Another caveat; it is difficult for India to entirely come out of the erstwhile, now defunct ‘non-aligned’ policy even when US intends to support India’s stake of permanent member at the UN- Security Council. It is also in India’s interest that a ‘triple-bhai’ or ‘three-brothers’- policy of ‘India-USA-China’ is pursued, given new geo-political scenario and a rising Eastern Star namely China.  After all China is the biggest business and investment partner of the USA as well (imported about $440 billion worth from China during 2013, compare this to only $42 billion from India. India imported about $50 billion worth from China in 2013).

There are issues with respect to intellectual property rights (IPRs) especially in pharmaceuticals that is another contentious issues between the US and India. To be realistic, this issue is not likely to be settled any time soon. A compromise on IPRs can only be reached with a comprehensive understanding of the health care market in India. This sector has been the worst and most abused in India; one cannot expect a breakthrough especially when the international negotiations are geared towards pricing and cost of medicines with little or no concern to morbidity and sickness profile and affordability issues.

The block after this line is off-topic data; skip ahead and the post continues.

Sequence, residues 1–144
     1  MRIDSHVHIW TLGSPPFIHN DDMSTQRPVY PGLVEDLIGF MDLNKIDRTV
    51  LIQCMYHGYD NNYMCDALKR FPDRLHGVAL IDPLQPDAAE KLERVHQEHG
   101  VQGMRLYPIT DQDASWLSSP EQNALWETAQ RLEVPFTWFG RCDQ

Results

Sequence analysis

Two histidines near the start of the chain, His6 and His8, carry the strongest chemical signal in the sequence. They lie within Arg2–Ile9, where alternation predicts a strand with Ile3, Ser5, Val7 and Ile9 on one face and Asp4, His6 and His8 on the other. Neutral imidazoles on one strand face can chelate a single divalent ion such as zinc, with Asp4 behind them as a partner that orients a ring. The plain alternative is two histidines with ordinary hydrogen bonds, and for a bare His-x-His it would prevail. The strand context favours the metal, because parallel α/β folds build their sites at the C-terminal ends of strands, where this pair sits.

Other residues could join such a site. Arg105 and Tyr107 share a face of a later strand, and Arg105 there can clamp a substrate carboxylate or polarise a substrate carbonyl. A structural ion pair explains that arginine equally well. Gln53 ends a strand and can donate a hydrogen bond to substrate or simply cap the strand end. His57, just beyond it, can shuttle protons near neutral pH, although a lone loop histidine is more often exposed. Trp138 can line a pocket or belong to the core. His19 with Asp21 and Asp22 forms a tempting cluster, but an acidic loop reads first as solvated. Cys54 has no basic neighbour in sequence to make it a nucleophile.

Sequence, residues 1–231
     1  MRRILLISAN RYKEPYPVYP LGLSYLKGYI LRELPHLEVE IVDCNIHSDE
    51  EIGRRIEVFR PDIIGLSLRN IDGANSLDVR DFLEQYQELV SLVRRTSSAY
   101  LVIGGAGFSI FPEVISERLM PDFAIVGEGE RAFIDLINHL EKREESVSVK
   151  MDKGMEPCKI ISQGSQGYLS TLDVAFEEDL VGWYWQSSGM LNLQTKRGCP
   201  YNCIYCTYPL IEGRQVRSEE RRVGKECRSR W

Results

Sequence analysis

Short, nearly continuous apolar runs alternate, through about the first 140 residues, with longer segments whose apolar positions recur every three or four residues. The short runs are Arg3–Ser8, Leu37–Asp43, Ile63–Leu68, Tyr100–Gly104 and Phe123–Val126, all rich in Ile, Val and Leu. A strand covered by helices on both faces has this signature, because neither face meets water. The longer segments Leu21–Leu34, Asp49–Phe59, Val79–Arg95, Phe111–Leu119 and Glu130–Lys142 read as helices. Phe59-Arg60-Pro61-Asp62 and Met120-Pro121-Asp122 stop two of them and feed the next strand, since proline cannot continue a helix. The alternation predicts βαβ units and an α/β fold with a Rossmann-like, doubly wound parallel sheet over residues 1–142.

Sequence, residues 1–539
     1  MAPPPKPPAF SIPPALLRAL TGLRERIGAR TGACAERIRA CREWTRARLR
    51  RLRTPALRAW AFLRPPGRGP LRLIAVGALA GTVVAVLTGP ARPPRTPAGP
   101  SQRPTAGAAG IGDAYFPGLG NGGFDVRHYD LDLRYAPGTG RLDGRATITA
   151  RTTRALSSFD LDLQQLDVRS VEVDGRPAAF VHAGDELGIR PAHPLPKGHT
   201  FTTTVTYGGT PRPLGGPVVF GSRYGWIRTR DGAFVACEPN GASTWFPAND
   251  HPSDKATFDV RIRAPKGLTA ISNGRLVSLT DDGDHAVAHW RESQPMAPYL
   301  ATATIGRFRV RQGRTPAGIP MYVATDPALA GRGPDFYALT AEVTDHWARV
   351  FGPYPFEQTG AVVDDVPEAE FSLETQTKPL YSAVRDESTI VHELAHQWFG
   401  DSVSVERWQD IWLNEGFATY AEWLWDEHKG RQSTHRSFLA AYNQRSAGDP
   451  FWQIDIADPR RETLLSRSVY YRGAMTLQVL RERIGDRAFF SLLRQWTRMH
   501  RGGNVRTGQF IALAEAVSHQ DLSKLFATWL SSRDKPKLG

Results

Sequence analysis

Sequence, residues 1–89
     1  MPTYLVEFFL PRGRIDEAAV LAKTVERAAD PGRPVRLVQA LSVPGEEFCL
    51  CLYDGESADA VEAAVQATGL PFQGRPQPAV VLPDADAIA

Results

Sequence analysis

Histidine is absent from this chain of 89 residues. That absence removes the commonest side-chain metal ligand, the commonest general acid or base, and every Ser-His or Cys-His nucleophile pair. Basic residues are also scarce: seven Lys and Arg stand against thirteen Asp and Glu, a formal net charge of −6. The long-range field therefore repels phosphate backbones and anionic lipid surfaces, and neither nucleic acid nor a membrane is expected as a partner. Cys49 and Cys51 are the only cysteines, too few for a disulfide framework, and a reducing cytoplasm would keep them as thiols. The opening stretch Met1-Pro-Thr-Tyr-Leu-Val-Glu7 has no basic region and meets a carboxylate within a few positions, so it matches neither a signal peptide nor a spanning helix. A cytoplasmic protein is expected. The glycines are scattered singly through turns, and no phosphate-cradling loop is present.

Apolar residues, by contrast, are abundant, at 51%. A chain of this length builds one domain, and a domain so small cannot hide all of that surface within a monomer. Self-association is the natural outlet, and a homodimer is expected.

Agriculture is in the domain of tripartite negotiations - the world trade organization being the intermediary. A recent announcement by foreign minister that India-favourable agreement has been worked out is not convincing. There are 90 million farming and another 28 million agricultural labor households in India. The average farm-holding is less than one hectare, most with meagre cultivable lands barely yielding food sufficient for survival. Given this state of agriculture, prudent policy has to ensure safety and sustenance of farming households across India. The US-India partnership in agriculture must therefore focus on mechanism to mitigate rampant and high incidence of malnutrition amongst the children and reproductive aged women. Investments in food processing, packaging and trade in food products will benefit both the businesses and people within India. Technological breakthrough of ‘no till farming’ as well as policy agreements to improve agricultural productivity through the use of genetically modified process are niche areas the need of the hour.

The Principles of Social Engagement:
The President’s visit to India has multiple dimensions to it. It is not entirely business, defence, money and national pride. There are a number of other issues to be confronted during such occasions. Right now, US is reeling under the accusations of police excesses and indiscriminate killings of black men and men across many states. As a champion of human rights, Mr. Obama comes out in public expressing grief and anguish and even pledging federal policy response to contain such events.